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Old 04-22-2004, 01:00 PM   #43
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I know what I forgot.....

An easier way for me to get Roger's electric stabilizer jacks and keyless entry off his coach and installed on mine!
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Old 04-22-2004, 01:14 PM   #44
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Small Business airplanes have aluminum sheet flooring attached to rails that are drilled on top (and flush) with fixed spacing. The rails are strong enough to both support the floor and also things like seats and cabinets and such. They are not particularly large, thick or heavy...

This way, you may configure seats, cabinets and other fixtures almost to infinity without altering the basic structure, as all these are designed to mate with the fixed pattern on the rails.

If AS did that, we could get greatly-expanded configuability of our floorplans, and best yet, if they kept the spacing the same, we could easily upgrade the interiors of older AS with newer components, as we wish -- the best part is that all you have to do is unbolt them to move things around -- quick connects and standard busses can be used for electrical and water components...you could have a bunk-bed module to use when you bring extra kids, and install it like seats in a van...at worst, it would offer the ability to semi-customize things if cost requires AS to fix locations of things like the water heater, the galley, and the shower and such.

The aluminum sheet floor screws into captive fasteners that allows access to under-floor areas for maintenance or wiring upgrades. The bulk of the wiring for an AS could them be harnessed and routed in the floor instead of willy-nilly like in a house, and built inside of a wiring harness shop cheaper than the wiring is run now -- no more holes in the ribs, for the most part...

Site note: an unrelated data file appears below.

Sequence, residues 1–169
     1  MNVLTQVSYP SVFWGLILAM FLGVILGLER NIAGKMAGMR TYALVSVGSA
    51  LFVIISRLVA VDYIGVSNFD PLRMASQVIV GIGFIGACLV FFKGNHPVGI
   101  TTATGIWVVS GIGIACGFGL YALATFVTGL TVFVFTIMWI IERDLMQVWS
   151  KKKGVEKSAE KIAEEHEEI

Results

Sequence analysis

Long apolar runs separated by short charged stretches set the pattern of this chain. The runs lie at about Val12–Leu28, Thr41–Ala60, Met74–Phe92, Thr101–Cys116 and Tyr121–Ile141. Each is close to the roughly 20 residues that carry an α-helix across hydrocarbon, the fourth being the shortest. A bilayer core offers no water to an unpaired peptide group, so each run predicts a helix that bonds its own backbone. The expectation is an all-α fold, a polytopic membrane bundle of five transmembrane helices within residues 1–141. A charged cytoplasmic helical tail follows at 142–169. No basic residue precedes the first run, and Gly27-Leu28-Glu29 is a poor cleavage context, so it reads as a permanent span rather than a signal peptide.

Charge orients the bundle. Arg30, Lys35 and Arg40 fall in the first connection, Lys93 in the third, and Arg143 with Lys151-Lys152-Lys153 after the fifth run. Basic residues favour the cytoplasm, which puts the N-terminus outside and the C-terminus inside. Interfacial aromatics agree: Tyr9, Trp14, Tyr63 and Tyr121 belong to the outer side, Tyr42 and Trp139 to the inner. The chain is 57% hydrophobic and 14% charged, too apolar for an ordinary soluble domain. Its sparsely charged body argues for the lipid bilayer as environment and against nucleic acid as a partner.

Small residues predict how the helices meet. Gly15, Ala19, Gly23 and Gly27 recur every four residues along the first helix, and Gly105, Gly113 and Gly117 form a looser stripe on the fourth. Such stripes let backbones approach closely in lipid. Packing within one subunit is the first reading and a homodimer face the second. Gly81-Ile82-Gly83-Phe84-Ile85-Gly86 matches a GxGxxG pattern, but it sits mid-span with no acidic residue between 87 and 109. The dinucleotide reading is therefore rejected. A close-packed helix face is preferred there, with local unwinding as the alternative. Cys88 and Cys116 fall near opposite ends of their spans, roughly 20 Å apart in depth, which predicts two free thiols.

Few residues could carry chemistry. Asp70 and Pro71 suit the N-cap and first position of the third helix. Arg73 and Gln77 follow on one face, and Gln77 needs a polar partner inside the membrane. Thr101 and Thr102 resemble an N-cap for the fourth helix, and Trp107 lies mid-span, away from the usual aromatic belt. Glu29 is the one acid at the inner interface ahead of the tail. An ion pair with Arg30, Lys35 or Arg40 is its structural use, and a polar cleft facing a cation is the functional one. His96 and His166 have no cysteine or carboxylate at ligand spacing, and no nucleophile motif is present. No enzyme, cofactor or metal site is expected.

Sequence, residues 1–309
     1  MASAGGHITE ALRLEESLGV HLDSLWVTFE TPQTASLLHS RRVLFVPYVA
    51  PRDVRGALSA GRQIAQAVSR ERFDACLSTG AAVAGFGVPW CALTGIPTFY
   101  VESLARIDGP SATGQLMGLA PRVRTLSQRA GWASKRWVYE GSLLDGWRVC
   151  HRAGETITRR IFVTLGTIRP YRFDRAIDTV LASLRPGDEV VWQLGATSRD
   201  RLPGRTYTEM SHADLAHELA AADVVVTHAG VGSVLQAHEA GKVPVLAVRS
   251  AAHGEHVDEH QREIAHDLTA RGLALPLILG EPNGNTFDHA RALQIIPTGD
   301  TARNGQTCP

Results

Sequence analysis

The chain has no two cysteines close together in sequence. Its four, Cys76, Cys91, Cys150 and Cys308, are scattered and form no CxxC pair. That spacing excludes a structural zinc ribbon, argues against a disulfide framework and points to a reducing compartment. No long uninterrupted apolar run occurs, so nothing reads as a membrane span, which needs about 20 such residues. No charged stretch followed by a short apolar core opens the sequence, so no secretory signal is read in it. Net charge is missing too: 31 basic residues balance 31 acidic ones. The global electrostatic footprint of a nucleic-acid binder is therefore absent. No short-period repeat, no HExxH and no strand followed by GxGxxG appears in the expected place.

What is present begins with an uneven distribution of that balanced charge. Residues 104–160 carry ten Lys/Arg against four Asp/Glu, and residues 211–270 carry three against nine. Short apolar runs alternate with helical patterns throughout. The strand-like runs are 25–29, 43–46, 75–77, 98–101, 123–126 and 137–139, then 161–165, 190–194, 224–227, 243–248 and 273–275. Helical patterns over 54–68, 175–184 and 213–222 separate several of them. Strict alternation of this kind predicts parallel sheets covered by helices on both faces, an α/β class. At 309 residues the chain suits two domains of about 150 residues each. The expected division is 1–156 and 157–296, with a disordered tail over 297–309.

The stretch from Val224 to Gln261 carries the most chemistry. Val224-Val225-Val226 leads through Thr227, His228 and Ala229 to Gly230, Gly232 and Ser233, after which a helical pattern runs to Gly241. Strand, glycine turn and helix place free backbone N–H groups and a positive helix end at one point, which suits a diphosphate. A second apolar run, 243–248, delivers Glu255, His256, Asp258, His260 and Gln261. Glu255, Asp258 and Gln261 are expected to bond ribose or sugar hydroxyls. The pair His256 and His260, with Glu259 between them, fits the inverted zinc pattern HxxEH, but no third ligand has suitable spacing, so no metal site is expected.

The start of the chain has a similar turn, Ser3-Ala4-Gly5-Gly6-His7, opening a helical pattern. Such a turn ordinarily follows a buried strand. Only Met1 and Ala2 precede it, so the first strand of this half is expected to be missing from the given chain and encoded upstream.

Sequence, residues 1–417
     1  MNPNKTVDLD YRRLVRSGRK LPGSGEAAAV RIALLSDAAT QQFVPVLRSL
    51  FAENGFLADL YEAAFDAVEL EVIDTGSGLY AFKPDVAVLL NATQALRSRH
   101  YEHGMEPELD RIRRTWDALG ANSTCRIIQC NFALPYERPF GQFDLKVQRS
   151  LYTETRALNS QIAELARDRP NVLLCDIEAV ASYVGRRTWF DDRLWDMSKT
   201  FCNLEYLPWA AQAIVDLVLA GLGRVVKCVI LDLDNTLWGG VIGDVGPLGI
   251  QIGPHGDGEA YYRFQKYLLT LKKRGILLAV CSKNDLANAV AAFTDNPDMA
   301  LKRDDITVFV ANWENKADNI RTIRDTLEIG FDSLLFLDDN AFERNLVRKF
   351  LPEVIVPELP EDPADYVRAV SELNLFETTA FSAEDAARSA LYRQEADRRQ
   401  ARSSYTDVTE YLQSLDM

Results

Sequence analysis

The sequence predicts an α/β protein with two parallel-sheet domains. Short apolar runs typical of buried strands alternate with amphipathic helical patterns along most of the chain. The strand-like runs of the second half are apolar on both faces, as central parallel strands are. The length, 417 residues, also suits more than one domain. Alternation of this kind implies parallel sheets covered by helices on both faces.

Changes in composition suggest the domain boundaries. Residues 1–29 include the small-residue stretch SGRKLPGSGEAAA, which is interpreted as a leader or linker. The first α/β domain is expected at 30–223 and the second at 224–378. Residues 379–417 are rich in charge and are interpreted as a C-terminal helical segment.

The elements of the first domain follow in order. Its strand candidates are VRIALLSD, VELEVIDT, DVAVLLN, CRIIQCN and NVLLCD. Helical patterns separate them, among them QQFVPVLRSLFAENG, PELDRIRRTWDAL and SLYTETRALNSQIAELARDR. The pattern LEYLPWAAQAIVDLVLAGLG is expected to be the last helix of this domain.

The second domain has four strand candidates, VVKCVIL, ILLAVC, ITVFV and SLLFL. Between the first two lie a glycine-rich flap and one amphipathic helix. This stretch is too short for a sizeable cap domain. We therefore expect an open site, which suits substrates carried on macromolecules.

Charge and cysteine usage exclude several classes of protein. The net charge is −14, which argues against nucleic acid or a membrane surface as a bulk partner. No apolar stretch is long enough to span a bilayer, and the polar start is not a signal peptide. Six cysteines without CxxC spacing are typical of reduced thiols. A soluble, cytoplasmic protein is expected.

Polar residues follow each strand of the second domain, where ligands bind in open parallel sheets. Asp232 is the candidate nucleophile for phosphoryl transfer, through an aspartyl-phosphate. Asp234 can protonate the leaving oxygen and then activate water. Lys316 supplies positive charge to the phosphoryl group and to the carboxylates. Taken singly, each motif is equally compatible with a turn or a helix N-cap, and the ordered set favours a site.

It is a modular idea that works in similar situations in another type of aluminum tube...it sort of dictates using carpet to cover things...

-Rob
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Old 04-22-2004, 01:50 PM   #45
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Smile Just my thoughts

In essences, from what I’ve read so far;
What is needed within the Airstream Corporate level is, a radically new “out of the box” paradigm type of “approach to thinking” as to how they select and, test materials used in the products currently manufacture.
I would recommend but, be not limited to, the following.

  • 1. A totally new and revamped design team formed to do a material comparison against what has been used. The end goal here would be to conduct a search, using high speed computers, for replacement materials. Other equations to be factored in this process would be compatibilities of those materials with each other and, on cost verse longevity. (For example, titanium vice steel frame)
    2. Recognize that a whole new wave of inventions have sprung forth in just the last 10 to 20 years. What is it we do now that could be improved or changed to our advantage? (For example, 3M’s VHB, double sided super tape verse the use of rivets in certain areas)
    3. Re-invent the whole factory’s layout to be more efficient in the assembly and at-factory service process.